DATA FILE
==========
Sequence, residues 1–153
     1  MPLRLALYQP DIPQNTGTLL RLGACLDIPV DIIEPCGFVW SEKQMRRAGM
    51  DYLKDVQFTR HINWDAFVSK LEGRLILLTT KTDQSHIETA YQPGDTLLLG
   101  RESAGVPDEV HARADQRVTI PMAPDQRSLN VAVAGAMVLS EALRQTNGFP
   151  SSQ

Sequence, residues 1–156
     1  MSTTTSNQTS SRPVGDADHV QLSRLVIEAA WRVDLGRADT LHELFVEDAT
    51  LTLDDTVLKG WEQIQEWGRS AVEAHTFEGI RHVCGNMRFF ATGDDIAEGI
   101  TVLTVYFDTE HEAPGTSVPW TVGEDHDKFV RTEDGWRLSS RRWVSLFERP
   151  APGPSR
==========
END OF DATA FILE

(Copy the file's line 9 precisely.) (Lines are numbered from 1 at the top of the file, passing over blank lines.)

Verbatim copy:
   101  TVLTVYFDTE HEAPGTSVPW TVGEDHDKFV RTEDGWRLSS RRWVSLFERP